The vivo X60 Pro features a 6.56" FullHD display that has all kinds of good things going for it. It's an AMOLED, so you get the inky blacks, and it also supports 120Hz refresh rate and 240Hz touch sampling rate, so it's also plenty smooth.
It's bright too - we measured 818nits under bright ambient conditions with the adaptive brightness enabled. In full manual operation, the number is 472nits, pretty high itself.
|Display test||100% brightness|
And then, it's color accurate. Its Professional preset has already excellent sRGB reproduction, which gets essentially perfect with a small nudge of the color temperature slider to the right to negate the slightest of blue shifts. The out-of-the-box Standard preset has a strong blue cast, but that too is easily handled with a more drastic slider intervention, resulting in a very faithful reproduction of DCI-P3 content.
HDR10+ capability is also on the list of things the vivo X60 Pro's display can do, and we got HDR streams in both YouTube and Netflix, though Amazon Prime Video wasn't as cooperative.
The X60 Pro handles refresh rate in a relatively conventional way - you get 60Hz, 120Hz and auto (Smart Switch) modes, with the auto being a simple 120-60 switch as opposed to the granular steps of recent flagship efforts.
In 120Hz mode, you'd be getting the full 120Hz pretty much constantly - the UI, browsers, social apps, the lot. The camera viewfinder and certain apps (Google Maps, for one) will still force a switch to 60Hz, however, as will all video playback apps when you go into fullscreen mode - when browsing the video app for content or playing in windowed mode, it'll still be in 120Hz.
The Smart Switch mode maintains 120Hz for UI only when you're touching the display, otherwise it drops to 60Hz, and that's the behavior in social apps. Oddly, in browsers, it will default to 60Hz as soon as you open the browser, with no spike to 120Hz when swiping around.
The 60Hz mode is, well, 60Hz for everything all the time.
There's a 4,200mAh battery inside the vivo X60 Pro, a fairly small capacity in a day when 5,000mAh seems to be the default number, and competitors start at 4,500mAh. In fact, the X60 Pro's capacity is a downgrade compared to the predecessor's 4,315mAh. While that's nominally an insignificant 3% difference, 1) batteries should be growing, not shrinking, and 2) the new model comes with a more powerful and more power-hungry high-end chipset (SD870 vs. SD765).
All that should serve as a preamble to the somewhat unimpressive battery endurance we measured on the X60 Pro. That is to say, outside of video playback, as when dedicated to video playback - a single charge is good for 20 hours straight. For fullscreen video playback, it switches to a 60Hz refresh rate regardless of app, so that's the only result we have, and it's a mighty great one.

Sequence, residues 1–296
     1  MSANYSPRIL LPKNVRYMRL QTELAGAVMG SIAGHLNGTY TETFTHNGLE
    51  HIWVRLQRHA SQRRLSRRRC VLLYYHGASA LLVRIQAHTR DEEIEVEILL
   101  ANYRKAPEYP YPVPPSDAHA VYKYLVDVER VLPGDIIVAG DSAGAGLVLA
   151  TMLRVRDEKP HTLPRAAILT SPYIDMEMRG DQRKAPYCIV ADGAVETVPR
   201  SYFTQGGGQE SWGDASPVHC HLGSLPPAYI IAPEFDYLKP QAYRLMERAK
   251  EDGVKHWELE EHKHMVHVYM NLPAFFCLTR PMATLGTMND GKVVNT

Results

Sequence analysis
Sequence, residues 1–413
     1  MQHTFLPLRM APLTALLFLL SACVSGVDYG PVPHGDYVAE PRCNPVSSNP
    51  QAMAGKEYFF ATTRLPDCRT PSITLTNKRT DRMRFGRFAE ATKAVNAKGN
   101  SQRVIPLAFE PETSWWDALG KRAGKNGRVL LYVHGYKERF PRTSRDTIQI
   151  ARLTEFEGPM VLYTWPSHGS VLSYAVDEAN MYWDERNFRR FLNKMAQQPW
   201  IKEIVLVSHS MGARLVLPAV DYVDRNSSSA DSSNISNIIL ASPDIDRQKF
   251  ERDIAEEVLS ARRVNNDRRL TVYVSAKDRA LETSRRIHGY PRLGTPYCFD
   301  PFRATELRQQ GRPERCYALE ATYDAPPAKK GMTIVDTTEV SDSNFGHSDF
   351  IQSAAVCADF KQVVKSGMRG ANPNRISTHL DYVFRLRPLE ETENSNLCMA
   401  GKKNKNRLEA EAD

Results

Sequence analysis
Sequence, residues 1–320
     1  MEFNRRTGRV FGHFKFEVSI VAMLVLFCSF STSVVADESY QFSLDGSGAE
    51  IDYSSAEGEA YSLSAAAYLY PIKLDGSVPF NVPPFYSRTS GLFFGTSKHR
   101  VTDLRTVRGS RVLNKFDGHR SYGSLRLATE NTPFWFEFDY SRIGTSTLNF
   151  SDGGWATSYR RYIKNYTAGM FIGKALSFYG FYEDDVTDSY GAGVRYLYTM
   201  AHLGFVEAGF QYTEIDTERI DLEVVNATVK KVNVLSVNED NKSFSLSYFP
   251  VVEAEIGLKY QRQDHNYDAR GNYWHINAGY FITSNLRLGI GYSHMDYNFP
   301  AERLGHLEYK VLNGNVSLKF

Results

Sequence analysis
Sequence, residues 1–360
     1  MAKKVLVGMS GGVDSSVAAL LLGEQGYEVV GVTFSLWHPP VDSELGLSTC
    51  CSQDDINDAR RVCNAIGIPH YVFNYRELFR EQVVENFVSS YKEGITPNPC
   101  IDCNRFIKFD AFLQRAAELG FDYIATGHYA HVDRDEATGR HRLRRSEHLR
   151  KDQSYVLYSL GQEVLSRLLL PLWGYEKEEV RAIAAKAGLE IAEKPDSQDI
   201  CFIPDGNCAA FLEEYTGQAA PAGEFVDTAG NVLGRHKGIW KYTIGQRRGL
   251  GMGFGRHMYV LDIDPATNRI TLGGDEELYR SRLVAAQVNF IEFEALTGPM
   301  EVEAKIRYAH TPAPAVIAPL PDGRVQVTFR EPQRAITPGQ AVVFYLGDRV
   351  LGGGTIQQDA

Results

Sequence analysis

Not so in web browsing. We got half the video playback result - 10 hours with the phone locked at 120Hz. Switching to 60Hz, we got an extra hour (11:07h). Since the Smart Switch mode for display refresh rate will switch to 60Hz when you're browsing, you can expect to land in between 10 and 11 hours. It's not a huge window, in any case.
Voice call longevity was on the lower side of average at 21:24h, and the standby draw was pretty high as well. Ultimately, the vivo X60 Pro's Endurance rating stands at 77h.
Our battery tests were automated thanks to SmartViser, using its viSerDevice app. The endurance rating denotes how long the battery charge will last you if you use the device for an hour of telephony, web browsing, and video playback daily. More details can be found here.
All test results shown are achieved under the highest screen refresh rate mode. You can adjust the endurance rating formula manually so it matches better your own usage in our all-time battery test results chart where you can also find all phones we've tested.
The vivo X60 Pro ships with a proprietary 33W charger branded FlashCharge 2.0 - compare to the 55W Super FlashCharge 2.0 unit of the Pro+. Using this bundled adapter, we clocked 56 minutes from flat to full, with 69% showing in the battery indicator at the half-hour mark.
The charging speed is very good, but there are faster options available. Plus, the X60 Pro has one of the smallest batteries around. Having said that, there's a tangible generational improvement, which we do appreciate.
Much like all other vivos (but one), the X60 Pro relies on a single speaker to do its sound output - a bottom-firing one. Stereo speakers are fairly common at this asking price, so the X60 Pro is somewhat at a disadvantage here.
It's not bad in terms of loudness - quite the opposite. The X60 Pro ranked in the 'Very Good' category in terms of sheer volume in our test, about on par with potential competitors. Its sound quality can hardly be described that way, however, with clunky mids and nearly non-existent bass and treble.
Use the Playback controls to listen to the phone sample recordings (best use headphones). We measure the average loudness of the speakers in LUFS. A lower absolute value means a louder sound. A look at the frequency response chart will tell you how far off the ideal "0db" flat line is the reproduction of the bass, treble, and mid frequencies. You can add more phones to compare how they differ. The scores and ratings are not comparable with our older loudspeaker test. Learn more about how we test here.